Barcode -- printed ballot

From: Alan Dechert <adechert_at_earthlink_dot_net>
Date: Fri Aug 29 2003 - 19:23:43 CDT

Yesterday, along with David Dill and Arthur Keller, I met with the folks at
Benetech Inc.( ). They are interested in getting
involved in the our voting modernization project. They have some good
standing in the disabled community due to the Good Works they have done in
the past. This is important because we need to convince the disabled
community that the voter verified printed ballot will not compromise their
right to vote privately and unassisted. David Dill confirmed the problem
they (the disabled community) are having with his initiative.

All of this confirms to me what I have been saying about #7 of the list of
things we need to demonstrate. This is an absolute requirement. We have to
get this right. I showed them this dummy printout along with the cut down
"privacy folder" (a manilla folder cut to about 12 in. X 7.8 in). Here's a
picture of the printout:

Note these features:

  - heading

  - Selections in fixed-width font, easy to read and easy to scan.

  - Barcode duplicated on the long edge.

  - Ballot number in each corner but not exposed when in the privacy folder

  - arrows pointing to selections in bold

I showed these things (with a privacy folder) to the group at the meeting
and I think they all liked it.

It is imperative that we demonstrate the ballot verification procedure with
the visually impaired voter in such a way that the voter never has to remove
the ballot from the privacy folder until it goes into the ballot box. Some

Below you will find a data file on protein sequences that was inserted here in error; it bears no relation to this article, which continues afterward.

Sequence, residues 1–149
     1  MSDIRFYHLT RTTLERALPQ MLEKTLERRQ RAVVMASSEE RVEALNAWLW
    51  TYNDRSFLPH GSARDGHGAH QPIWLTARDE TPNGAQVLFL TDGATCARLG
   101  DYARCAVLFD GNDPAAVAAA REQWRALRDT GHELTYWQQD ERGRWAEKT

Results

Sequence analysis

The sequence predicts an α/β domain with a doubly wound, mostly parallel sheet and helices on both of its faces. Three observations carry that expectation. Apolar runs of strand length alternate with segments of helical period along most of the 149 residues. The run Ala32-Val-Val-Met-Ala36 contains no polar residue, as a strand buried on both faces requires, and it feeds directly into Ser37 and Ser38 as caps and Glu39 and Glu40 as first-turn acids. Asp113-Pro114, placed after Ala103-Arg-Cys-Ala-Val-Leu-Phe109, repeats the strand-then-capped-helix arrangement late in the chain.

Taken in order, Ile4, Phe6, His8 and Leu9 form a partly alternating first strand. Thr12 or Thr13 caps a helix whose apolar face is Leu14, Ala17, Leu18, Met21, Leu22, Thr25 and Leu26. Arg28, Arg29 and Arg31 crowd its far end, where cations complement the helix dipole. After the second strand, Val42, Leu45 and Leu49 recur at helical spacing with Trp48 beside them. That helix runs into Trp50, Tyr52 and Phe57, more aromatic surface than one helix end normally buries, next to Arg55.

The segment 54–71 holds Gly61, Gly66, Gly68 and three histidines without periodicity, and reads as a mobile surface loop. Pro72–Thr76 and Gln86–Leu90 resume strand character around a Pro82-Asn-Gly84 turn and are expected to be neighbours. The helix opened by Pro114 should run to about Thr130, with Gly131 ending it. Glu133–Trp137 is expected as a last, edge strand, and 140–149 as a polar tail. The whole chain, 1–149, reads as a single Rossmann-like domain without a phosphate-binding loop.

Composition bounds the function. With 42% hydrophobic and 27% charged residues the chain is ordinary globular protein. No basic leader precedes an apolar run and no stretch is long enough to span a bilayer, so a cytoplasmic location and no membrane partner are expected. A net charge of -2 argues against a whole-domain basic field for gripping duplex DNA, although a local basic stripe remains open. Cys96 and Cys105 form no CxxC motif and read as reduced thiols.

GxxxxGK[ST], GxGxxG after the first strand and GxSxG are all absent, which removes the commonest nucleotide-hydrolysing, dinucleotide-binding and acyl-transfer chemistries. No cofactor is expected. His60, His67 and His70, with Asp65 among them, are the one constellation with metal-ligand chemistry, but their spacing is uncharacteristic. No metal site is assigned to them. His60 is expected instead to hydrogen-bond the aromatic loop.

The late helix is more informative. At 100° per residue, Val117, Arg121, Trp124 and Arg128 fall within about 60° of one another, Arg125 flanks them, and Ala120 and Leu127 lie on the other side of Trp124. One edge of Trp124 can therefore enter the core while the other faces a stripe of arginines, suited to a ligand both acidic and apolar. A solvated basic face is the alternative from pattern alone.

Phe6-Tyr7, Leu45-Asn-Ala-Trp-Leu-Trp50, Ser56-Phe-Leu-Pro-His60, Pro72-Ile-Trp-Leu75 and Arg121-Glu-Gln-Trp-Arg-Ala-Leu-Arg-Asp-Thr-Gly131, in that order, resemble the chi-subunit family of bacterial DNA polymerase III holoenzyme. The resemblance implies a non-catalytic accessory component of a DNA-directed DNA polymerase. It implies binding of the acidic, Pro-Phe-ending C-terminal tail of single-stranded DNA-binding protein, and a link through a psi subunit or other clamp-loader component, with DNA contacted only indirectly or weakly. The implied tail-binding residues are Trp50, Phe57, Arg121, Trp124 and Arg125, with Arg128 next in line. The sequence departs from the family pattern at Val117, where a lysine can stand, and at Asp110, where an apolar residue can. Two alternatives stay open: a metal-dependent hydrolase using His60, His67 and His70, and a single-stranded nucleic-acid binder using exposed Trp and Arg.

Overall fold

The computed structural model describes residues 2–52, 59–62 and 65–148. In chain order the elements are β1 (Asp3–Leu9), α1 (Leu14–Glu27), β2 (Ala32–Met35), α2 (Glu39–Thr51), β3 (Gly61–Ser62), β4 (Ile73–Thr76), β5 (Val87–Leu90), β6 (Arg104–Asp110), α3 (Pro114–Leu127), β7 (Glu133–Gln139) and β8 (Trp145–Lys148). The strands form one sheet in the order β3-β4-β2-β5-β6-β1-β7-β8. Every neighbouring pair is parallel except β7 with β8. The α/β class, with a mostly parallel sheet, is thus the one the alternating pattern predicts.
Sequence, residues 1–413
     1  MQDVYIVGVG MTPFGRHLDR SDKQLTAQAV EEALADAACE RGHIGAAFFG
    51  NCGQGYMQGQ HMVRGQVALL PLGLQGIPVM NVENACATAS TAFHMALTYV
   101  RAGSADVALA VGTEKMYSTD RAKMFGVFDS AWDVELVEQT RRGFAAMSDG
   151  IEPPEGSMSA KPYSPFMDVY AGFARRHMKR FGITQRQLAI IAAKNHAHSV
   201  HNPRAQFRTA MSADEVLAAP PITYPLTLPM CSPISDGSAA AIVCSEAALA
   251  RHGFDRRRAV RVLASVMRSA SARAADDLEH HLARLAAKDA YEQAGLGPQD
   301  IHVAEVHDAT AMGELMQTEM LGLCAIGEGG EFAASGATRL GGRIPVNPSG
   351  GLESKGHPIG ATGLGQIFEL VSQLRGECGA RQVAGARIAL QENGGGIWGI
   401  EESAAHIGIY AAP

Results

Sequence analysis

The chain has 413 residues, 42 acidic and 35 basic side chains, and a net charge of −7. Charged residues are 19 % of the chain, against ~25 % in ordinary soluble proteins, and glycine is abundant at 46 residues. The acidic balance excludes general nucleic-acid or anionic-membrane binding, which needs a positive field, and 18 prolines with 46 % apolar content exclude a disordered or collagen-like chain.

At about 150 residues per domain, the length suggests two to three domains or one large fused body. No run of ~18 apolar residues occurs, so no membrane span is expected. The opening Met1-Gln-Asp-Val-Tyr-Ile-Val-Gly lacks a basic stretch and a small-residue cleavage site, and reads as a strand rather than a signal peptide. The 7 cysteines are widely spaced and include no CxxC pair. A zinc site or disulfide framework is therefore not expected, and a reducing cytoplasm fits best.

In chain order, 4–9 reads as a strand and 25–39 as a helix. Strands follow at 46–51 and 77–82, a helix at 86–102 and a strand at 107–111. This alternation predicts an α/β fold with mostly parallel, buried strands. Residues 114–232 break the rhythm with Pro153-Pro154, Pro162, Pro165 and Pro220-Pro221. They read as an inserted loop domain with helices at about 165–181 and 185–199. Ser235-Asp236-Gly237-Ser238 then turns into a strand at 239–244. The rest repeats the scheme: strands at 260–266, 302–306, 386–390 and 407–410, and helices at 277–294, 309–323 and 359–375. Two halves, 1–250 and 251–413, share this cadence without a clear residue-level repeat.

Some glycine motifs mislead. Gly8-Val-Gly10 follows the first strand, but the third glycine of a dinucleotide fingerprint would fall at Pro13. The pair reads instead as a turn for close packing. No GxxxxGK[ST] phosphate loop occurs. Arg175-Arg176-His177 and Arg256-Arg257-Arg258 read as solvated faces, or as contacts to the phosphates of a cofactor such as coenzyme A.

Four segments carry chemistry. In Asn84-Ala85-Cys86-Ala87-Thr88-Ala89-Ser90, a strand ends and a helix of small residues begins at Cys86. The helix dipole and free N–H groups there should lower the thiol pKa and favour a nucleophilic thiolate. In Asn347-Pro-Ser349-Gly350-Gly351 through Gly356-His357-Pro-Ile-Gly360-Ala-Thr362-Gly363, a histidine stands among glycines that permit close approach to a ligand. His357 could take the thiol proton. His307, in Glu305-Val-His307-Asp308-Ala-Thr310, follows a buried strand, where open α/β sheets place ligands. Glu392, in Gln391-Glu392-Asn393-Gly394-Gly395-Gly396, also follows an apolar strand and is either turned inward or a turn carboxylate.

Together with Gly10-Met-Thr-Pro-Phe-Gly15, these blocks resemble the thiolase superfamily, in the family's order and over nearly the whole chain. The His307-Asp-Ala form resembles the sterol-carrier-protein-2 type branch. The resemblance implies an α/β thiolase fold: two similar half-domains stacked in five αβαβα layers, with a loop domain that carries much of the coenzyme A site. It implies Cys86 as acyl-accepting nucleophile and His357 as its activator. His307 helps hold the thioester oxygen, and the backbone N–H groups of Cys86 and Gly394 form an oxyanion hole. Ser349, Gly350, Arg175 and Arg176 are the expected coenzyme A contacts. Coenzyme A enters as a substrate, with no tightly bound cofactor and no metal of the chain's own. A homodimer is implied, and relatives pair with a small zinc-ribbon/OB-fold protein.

have suggested a procedure where the ballot is removed to be placed into a
scanner. This will not be acceptable to these people (disabled community).
Don't even think about it! Keep it in the folder and run the barcode under
the scanner. In the production system, the scanner will likely be
hands-free and mounted. For the demo, this type of scanner is probably too
expensive so we will likely use a hand-held dirt cheap scanner.

We need to keep the string of characters containing the encoded selections
down to a minimum to ensure accuracy and keep the system very cheap.
Despite previous postings on this subject, I recommend for the demo only
encoding the ballot number -- say using two 7-bit characters along with
however many characters are need to encode the 116 bit string. Keep it
simple -- don't barcode the write-ins (for the demo anyway).

We also need to find some free barcode software. I found this but I'm not
sure it will work for us since it seems to need a Postscript printer, which
may be too expensive for the demo.

BTW, on the printout, I have the barcode duplicated on the long edges so
that it can be read either way it's inserted.

The ballot numbers are replicated on each corner. The thought here is that
when a ballot is brought to the pollworker for destruction, the pollworker
can cut any corner off the ballot to have a record of the destroyed ballot
without having to look at the printed side to locate the number. This may
help facilitate reconciliation of the printed and electronic record.
Actually, I'm not sure it will be used that way since the procedure to
reconcile ballot numbers of submited ballots might involve other techniques.
Anyway, having the numbers printed this way also means that, if necessary,
the ballot number could be manually viewed by turning over any corner
without exposing ballot content.

I did not show any security features like watermarks or hashes that would
guard against counterfeits.

There is some work to do to get this right but I hope this helps to point in
the right direction.

-- Alan Dechert

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Received on Sun Aug 31 23:17:17 2003

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